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You are here: MacNN Forums > Hardware - Troubleshooting and Discussion > Mac Notebooks > What is the best Mac to start off fresh with?

What is the best Mac to start off fresh with?
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strontiumAE
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May 23, 2010, 10:14 AM
 
I am kinda new to the world of Apple (except for my iPods) and intend to put my laptop out to pasture, since Windows is causing me more and more frustration day by day. Anyway after i get an iPhone and iPad I intend to get a basic iMac or Macbook... but my friend suggested i get a MacBook Pro, but I am thinking that maybe something more 'entry level' would be better? After all, I have been using Windows for just over 10 years and switching to a new operating system seems a bit daunting...

Any suggestions, thoughts comments or blah blah...will be appreciated.
Totally obsessed with Apples, but not so much with Blackberries...
     
ghporter
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May 23, 2010, 10:24 AM
 
I don't see anything "entry level-related" with what Mac you choose to start with. I'd base the decision on where you plan to use the computer and what you want to do with it. If you ONLY will use it at home on your desk, then an iMac is a good way to start. Otherwise, I'd look at the features mix of the MacBook and MacBook Pro lines. If you want to do things that require the power of the MBP, go for it. There really isn't a down side to going for a more powerful machine except perhaps deciding which one you should get. Otherwise it's hard to go wrong transitioning from a Windows laptop to a MacBook.

Glenn -----OTR/L, MOT, Tx
     
strontiumAE  (op)
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May 23, 2010, 10:59 AM
 
I intend it to be my work horse. For home use, internet, games, networking, films, music etc and for work... which includes a lot of word processing, and at times some light design and movie editing, so I guess we are talking laptop for portability. If I hav the cash to spare later on, a desktop as well (today I only just realize the price differences between PCs and Macs).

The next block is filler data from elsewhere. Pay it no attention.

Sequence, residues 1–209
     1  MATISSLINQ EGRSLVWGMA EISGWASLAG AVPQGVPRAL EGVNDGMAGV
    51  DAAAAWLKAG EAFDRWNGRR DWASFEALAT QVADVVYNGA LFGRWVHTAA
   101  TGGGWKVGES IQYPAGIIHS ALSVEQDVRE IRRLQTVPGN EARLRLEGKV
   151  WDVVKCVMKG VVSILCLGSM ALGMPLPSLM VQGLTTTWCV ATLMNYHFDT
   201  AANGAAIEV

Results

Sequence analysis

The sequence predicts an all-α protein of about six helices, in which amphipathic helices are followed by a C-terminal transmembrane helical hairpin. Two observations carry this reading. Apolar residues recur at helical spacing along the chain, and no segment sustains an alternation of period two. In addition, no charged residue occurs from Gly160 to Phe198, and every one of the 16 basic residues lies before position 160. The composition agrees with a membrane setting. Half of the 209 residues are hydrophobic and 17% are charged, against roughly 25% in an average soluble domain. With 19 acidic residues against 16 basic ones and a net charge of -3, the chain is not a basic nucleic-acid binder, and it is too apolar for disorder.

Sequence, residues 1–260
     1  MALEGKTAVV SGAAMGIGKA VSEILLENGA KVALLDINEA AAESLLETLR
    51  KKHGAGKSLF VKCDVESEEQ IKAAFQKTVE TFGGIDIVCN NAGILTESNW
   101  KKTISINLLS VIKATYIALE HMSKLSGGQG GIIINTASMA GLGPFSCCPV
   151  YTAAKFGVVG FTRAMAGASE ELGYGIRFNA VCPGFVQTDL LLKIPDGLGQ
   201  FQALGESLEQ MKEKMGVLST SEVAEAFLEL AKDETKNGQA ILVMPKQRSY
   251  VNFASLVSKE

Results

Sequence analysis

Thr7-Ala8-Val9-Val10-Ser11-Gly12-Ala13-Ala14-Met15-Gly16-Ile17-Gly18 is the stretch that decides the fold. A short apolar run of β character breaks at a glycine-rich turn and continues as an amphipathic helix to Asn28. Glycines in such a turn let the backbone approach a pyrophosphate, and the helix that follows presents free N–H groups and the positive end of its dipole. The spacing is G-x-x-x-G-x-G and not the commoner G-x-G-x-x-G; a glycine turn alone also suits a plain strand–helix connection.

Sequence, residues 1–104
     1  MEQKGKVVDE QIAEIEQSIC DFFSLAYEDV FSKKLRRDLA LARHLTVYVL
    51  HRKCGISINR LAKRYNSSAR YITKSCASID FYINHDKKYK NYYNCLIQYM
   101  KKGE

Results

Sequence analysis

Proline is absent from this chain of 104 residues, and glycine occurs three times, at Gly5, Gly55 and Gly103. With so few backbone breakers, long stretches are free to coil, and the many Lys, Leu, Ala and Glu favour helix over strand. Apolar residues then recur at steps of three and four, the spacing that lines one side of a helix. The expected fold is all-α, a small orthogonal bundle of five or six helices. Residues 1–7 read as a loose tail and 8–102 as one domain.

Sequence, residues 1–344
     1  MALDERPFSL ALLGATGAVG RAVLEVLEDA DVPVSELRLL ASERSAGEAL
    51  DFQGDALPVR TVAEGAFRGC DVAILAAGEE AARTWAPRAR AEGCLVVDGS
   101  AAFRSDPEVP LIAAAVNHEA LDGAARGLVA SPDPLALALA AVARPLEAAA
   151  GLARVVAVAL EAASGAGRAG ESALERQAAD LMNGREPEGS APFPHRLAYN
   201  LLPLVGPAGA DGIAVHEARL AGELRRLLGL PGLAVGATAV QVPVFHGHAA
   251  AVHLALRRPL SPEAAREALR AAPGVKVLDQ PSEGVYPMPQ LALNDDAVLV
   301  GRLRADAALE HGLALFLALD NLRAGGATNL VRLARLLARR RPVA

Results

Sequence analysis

Yeah but everyone pretty much says moving from Windows to Mac is a smart movie.
Totally obsessed with Apples, but not so much with Blackberries...
     
vmarks
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May 23, 2010, 11:04 AM
 
Originally Posted by strontiumAE View Post
I am kinda new to the world of Apple (except for my iPods) and intend to put my laptop out to pasture, since Windows is causing me more and more frustration day by day. Anyway after i get an iPhone and iPad I intend to get a basic iMac or Macbook... but my friend suggested i get a MacBook Pro, but I am thinking that maybe something more 'entry level' would be better? After all, I have been using Windows for just over 10 years and switching to a new operating system seems a bit daunting...

Any suggestions, thoughts comments or blah blah...will be appreciated.
(a) switching doesn't have to be daunting. You can always stick with Windows via bootcamp (dual booting) or virtual machine (vmware, parallels, virtualbox.)

(b) get the machine that fits your budget and performance needs, balanced by how long you intend to keep the machine.
If this post is in the Lounge forum, it is likely to be my own opinion, and not representative of the position of MacNN.com.

     
strontiumAE  (op)
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May 23, 2010, 11:10 AM
 
And what is the average shelf life of a Mac machine (i know a lot about Apple but not everything. Still learning lol). Most laptops last for 3 or 4 years..in my experience. But they really start to degrade in performance within the 3rd year...